Two brothers were charged yesterday with dumping more than 100 pounds of garbage on a vacant city-owned lot that had become an illegal dumping ground over the past eight to 10 months, city officials said.
John Burns Williams, 47, of the 3200 block of Doycron Court in Baltimore County and Curtis Lee Williams, 49, of the 1000 block of 43rd St. in Baltimore were charged yesterday after an investigation by the city's environmental crimes unit.
The unit responded about 9:30 a.m. Tuesday to a call about the site in the 100 block of N. Calverton Road. Investigators found a 13-year-old using an earth-mover to dump tree trimmings and fragments of cement blocks onto piles of other trash along about 300 yards of the road, said Eric Banks, an investigator for the unit.
The youth was allegedly acting under direction from the Williams brothers, said Gerald Ruffin, a unit detective. The juvenile was not charged.
The Williams brothers were charged with illegal dumping, and causing and permitting illegal dumping. Each charge carries a maximum penalty of one year in prison and a $10,000 fine, Ruffin said.
While investigators were at the site in West Baltimore on Tuesday, another man was seen dumping trash.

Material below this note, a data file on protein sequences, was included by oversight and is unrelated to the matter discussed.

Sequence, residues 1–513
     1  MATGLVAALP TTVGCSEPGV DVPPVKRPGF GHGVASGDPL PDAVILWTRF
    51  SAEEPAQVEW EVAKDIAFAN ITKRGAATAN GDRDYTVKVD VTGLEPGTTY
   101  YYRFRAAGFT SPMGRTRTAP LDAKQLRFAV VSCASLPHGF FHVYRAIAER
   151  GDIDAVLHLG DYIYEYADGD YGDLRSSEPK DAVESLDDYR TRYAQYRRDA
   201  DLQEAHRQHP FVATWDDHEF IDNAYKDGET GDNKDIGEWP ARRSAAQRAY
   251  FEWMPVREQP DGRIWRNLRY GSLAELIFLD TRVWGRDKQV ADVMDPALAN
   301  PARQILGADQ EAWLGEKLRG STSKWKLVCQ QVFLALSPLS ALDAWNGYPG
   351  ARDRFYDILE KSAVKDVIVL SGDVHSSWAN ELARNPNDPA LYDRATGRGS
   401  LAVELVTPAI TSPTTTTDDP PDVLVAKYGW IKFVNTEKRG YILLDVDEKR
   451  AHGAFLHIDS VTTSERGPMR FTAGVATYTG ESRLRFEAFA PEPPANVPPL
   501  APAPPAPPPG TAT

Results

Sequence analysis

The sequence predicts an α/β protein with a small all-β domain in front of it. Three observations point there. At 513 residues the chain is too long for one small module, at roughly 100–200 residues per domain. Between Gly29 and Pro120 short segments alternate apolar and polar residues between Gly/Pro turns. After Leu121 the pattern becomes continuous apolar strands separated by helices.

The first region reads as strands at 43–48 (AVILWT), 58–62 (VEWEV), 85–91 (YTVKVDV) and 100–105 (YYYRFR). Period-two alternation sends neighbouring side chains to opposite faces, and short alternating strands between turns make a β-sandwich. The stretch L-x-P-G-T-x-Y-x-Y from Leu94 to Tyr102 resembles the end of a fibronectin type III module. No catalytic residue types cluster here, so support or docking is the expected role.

The man pulled up in a car and dumped a bicycle and bicycle parts, Banks said. Fred Miller Jr., 40, of Parkville was arrested and charged with illegal dumping, and his car was towed. If found guilty, he faces up to 30 days in jail and a $100 fine for dumping less than 100 pounds, said Robert E. Guye, a compliance manager with the environmental crimes unit.
Thomas Lewis, an operations manager at Cherry Hill Towing & Transport Inc. across the street from the site, called the unit Tuesday morning to report the dumping.
A path had been cut through a grassy area of the lot, and 80-ton dump trucks have carted debris to the area, Lewis said.
Other items at the site included a plastic tarp, a wooden loading crate, a couch, a broken television, large chunks of concrete, mattresses, hoses, toys, drywall and broken glass.
Investigators also found a gray, fibrous material that they suspected to be asbestos, but testing by the Maryland Department of the Environment revealed that it was insulation material known as "glass wool," said Richard J. McIntire, MDE spokesman.
The city's Department of Public Works began clearing the lot Wednesday and finished yesterday, said public works spokesman Robert H. Murrow.